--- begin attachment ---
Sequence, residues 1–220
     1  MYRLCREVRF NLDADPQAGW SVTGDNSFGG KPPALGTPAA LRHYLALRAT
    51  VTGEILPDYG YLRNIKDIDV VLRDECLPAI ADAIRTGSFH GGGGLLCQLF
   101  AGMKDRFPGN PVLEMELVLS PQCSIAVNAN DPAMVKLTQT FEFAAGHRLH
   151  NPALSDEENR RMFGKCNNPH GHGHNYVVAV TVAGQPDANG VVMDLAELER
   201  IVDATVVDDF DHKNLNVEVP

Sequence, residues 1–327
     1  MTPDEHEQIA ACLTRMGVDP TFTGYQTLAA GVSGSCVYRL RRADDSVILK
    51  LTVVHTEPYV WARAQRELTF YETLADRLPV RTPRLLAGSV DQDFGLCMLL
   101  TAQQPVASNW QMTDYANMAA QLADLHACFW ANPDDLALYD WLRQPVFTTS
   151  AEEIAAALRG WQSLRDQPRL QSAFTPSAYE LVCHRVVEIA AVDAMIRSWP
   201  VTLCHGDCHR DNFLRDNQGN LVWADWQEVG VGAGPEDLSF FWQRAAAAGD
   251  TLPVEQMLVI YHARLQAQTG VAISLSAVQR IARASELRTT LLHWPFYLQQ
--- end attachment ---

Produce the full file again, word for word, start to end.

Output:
Sequence, residues 1–220
     1  MYRLCREVRF NLDADPQAGW SVTGDNSFGG KPPALGTPAA LRHYLALRAT
    51  VTGEILPDYG YLRNIKDIDV VLRDECLPAI ADAIRTGSFH GGGGLLCQLF
   101  AGMKDRFPGN PVLEMELVLS PQCSIAVNAN DPAMVKLTQT FEFAAGHRLH
   151  NPALSDEENR RMFGKCNNPH GHGHNYVVAV TVAGQPDANG VVMDLAELER
   201  IVDATVVDDF DHKNLNVEVP

Sequence, residues 1–327
     1  MTPDEHEQIA ACLTRMGVDP TFTGYQTLAA GVSGSCVYRL RRADDSVILK
    51  LTVVHTEPYV WARAQRELTF YETLADRLPV RTPRLLAGSV DQDFGLCMLL
   101  TAQQPVASNW QMTDYANMAA QLADLHACFW ANPDDLALYD WLRQPVFTTS
   151  AEEIAAALRG WQSLRDQPRL QSAFTPSAYE LVCHRVVEIA AVDAMIRSWP
   201  VTLCHGDCHR DNFLRDNQGN LVWADWQEVG VGAGPEDLSF FWQRAAAAGD
   251  TLPVEQMLVI YHARLQAQTG VAISLSAVQR IARASELRTT LLHWPFYLQQ